Netflix (NFLX) lost nearly 1 million subscribers in Q2 — but that’s actually a net positive, according to one media analyst.
“This is a good report,” Santosh Rao, head of research at Manhattan Venture Partners, told following the company’s highly anticipated second quarter earnings results, which showed subscriber losses come in narrower-than-expected (-970,000 versus the estimated -2 million.)
Rao said “the game has changed” when it comes to the streaming landscape, noting “we cannot compare [subscriber numbers] to the past — things are different.”
Netflix, which lost 200,000 users in April, has battled an uptick in subscriber churn amid increased competition, with some industry watchers warning that a “streaming recession” is on the horizon.
Netflix co-CEO Reed Hastings admitted on the earnings call that “it’s tough losing a million [subscribers] and calling it a success,” but he reiterated that the company is “set up really well for the next year.”
Still, Netflix revealed softer Q3 subscriber guidance, anticipating 1 million net additions for the current quarter — below Wall Street’s consensus estimate of 1.9 million.
Q3 revenue guidance also came in lighter than expected at $7.84 billion versus the estimated $8.1 billion as the broader subscriber slowdown, in addition to increased foreign exchange pressures, weigh on sales.
Despite those macroeconomic challenges, Rao noted that the subscriber frenzy will eventually settle “and the big winners will come ahead.”
He predicted that Netflix will remain the longstanding leader of the pack given its strong global footprint, in addition to the company’s potential to generate revenue through both its crackdown on password sharing, as well as its upcoming ad-supported offering which should “bear fruit” down the line.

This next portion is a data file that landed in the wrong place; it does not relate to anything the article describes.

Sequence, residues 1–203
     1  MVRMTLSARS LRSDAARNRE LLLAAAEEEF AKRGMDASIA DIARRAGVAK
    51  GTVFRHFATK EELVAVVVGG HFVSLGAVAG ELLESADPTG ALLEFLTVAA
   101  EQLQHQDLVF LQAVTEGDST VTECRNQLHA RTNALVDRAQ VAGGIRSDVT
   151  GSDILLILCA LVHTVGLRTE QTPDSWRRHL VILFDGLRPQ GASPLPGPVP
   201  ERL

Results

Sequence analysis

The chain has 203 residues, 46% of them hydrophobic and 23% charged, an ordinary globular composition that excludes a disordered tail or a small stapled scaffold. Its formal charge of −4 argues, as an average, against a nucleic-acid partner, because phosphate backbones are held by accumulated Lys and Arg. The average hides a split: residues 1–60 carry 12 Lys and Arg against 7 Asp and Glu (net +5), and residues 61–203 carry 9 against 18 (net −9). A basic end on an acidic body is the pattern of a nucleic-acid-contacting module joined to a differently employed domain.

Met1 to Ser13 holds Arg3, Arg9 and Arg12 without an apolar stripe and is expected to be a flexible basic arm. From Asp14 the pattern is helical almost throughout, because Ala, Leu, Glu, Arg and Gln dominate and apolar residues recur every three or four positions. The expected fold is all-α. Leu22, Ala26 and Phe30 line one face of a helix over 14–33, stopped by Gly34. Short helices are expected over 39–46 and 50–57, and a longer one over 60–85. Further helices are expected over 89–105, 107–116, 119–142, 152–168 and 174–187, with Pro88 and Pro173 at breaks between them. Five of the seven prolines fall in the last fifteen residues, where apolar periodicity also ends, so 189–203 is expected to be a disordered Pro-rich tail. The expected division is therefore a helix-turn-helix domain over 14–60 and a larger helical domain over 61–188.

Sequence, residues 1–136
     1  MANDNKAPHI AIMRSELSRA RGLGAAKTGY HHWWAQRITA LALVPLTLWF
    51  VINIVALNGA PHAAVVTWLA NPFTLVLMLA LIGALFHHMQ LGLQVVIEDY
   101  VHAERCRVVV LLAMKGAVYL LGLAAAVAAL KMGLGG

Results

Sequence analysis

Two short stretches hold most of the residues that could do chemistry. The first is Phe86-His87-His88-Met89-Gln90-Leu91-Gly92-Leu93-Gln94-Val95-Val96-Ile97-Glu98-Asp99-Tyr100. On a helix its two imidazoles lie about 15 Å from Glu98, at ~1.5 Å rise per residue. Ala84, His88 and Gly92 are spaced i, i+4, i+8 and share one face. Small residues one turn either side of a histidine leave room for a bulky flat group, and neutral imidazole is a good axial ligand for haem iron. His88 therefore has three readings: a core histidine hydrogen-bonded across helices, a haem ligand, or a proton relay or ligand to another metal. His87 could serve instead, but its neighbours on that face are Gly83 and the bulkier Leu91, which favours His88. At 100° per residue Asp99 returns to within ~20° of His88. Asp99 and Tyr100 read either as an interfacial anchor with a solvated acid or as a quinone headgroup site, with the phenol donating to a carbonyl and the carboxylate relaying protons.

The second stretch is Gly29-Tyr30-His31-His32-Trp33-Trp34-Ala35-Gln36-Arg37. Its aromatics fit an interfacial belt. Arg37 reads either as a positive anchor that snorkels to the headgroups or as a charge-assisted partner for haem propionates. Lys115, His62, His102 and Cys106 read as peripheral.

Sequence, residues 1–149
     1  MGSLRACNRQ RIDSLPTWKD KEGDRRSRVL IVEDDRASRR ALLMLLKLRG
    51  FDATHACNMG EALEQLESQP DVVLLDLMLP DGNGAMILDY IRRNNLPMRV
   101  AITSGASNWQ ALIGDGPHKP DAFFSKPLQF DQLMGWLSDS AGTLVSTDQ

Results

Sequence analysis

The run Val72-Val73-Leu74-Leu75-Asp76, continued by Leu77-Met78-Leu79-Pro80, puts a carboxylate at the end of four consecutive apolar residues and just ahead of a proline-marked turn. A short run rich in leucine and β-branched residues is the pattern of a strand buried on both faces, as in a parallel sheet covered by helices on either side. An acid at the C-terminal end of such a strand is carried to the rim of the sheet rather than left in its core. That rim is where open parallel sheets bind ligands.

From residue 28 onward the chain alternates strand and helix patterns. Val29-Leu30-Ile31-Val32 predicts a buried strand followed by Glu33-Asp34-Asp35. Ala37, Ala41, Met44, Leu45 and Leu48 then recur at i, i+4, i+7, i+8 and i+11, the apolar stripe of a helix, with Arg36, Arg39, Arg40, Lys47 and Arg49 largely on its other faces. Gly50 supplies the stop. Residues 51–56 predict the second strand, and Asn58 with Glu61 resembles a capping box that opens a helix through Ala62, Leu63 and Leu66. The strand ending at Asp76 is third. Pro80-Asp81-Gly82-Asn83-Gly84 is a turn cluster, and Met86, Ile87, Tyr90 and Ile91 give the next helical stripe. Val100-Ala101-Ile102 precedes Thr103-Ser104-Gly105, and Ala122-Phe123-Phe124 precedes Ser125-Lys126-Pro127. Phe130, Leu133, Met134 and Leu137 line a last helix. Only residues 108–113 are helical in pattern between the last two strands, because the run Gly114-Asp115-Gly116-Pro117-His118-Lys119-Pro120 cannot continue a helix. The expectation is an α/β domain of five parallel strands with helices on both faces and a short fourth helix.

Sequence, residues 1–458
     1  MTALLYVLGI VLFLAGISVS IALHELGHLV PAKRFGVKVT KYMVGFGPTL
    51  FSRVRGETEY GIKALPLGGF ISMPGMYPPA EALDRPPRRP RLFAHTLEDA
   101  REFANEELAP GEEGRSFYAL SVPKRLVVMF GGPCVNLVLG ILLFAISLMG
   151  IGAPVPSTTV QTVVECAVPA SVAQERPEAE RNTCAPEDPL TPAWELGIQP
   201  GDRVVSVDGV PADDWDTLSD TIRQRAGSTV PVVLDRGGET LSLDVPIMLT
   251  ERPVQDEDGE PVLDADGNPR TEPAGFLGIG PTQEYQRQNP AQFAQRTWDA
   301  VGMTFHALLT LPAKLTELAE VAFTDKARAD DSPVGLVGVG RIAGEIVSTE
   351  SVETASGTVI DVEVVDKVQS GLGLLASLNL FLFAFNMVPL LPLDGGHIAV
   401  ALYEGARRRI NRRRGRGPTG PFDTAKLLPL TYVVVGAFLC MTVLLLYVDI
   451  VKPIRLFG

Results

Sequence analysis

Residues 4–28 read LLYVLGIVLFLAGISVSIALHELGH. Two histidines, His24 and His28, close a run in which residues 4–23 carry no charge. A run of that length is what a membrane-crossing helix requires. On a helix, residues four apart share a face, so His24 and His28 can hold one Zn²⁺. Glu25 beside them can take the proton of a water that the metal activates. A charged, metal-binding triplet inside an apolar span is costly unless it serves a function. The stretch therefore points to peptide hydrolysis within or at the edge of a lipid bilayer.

Generally, Wall Street is bullish that an ad tier could be the answer to at least some of Netflix’s problems.
The platform, which revealed last week that it’s partnered with Microsoft (MSFT) to help launch the new ad-based tier, updated its timeline on when consumers can expect it to hit the market.
Netflix now anticipates to debut the ad-based offering in the early part of 2023, adding that it will “likely start in a handful of markets where advertising spend is significant…our intention is to roll it out, listen and learn, and iterate quickly to improve the offering.”
On the earnings call, Netflix’s leadership team said they’re taking an “innovation-oriented view” when it comes to ads, saying they plan to provide an “incredible” experience to consumers, brands, and advertisers alike.
As for the selection of Microsoft, Netflix COO and chief product officer Greg Peters said bluntly, “We picked Microsoft as our ads partner because we think they’re going to be great as an ads partner.”
He added that the two companies plan to “work together, collaborate and evolve the technical capacity” of the ad experience — citing flexibility as a key component of the partnership.
Moving forward, Rao said that international markets will be key for growth, adding that Netflix needs to continue to execute, control costs, and deliver premium content like “Stranger Things.”
The Duffer Brothers’ production broke the record for Netflix’s biggest ever premiere weekend, in addition to earning the highest viewership among all English-language Netflix seasons, with 930.3 million hours viewed in its first 28 days and 1.3 billion hours viewed in its first four weeks.
“The main thing is to have the high engagement level and stickiness — they have that across genres and across demographic groups,” Rao explained.
Ultimately, “it’s their market share to lose — everybody wants to be Netflix.”